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Biting: An Evergreen Challenge with Toddlers
Our species has demonstrated that we can walk on the moon if we put our minds to it. Now let’s turn to an even more crucial task, the creation of an earth full of people who are celebrating each other in conscious love.
Gay Hendricks and Kathlyn Hendricks, American psychologist/writer and body intelligence expert and w
As long as there have been toddlers there has been biting. It’s a challenge every early childhood educator who is caring for toddlers will almost always face. The Zero to Three website explains common reasons why.
“Toddlers might bite if they:
- Lack language skills necessary for expressing important needs or strong feelings like anger, frustration, joy, etc. Biting is a substitute for the messages he can’t yet express in words like: I am so mad at you, You are standing too close to me, I am really excited, or I want to play with you.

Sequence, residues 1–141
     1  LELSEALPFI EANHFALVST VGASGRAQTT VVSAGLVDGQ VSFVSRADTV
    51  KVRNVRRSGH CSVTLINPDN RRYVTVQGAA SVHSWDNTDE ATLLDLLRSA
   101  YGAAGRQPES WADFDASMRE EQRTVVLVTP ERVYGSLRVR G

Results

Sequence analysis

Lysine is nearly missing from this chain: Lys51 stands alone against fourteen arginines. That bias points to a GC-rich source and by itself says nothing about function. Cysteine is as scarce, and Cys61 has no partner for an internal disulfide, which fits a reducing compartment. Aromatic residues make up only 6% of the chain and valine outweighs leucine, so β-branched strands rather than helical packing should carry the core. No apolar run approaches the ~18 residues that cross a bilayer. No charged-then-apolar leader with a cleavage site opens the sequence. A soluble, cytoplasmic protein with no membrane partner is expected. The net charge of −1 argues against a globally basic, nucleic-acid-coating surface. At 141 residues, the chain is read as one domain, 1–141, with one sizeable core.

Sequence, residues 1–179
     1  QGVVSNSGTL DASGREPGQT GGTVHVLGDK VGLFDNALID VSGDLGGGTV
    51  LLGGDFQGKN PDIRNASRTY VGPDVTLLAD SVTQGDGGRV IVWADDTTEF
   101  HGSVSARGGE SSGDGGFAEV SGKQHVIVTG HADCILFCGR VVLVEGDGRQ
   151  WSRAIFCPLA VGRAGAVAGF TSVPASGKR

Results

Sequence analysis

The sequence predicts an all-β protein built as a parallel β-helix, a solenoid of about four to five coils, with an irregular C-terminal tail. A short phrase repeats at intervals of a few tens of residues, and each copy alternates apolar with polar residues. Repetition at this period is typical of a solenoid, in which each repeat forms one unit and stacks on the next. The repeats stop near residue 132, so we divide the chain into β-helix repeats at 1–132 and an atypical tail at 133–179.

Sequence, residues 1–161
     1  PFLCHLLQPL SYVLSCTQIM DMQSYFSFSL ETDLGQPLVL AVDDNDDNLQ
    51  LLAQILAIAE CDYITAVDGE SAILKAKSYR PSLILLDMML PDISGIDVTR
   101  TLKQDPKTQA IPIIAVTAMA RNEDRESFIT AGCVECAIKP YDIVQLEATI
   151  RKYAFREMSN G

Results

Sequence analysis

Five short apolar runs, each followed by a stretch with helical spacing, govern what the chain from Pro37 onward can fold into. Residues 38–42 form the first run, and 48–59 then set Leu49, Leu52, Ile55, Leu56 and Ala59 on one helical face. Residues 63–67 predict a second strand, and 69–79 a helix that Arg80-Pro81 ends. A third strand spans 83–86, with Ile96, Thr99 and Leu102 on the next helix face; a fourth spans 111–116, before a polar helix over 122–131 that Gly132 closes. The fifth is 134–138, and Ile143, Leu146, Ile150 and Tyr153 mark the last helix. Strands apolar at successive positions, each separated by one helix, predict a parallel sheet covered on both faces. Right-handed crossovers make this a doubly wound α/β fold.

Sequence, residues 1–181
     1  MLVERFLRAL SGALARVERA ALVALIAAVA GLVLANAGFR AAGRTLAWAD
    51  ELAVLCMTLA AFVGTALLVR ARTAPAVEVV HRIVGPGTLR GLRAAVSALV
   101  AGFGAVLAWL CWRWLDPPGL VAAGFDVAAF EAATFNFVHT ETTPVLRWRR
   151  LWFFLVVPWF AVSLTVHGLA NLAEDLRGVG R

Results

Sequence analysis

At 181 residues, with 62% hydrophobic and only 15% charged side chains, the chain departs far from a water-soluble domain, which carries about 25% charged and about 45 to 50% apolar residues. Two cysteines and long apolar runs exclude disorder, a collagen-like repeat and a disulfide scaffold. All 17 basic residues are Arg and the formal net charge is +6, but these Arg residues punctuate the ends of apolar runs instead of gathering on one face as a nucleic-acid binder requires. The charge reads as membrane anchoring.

- Are overwhelmed by the sounds, light or activity level in this setting
- Are experimenting to see what will happen
- Need more active playtime
- Are over-tired
- Are teething
- Have a need for oral stimulation”
In the Exchange Reflections, “Addressing Biting in Positive Ways,” Linda Crissali offers many suggestions for dealing with biting, ending with this encouragement:
“If you are calm, professional, confident, and articulate as you interact with staff and parents, it will minimize the level of emotionality that is often associated with dealing with biting. Most of all, it is important to support and nurture the child who bites so that she doesn’t come to think of herself as intrinsically ‘bad’ or ‘unlovable’ while you are helping her overcome her problem with biting.”
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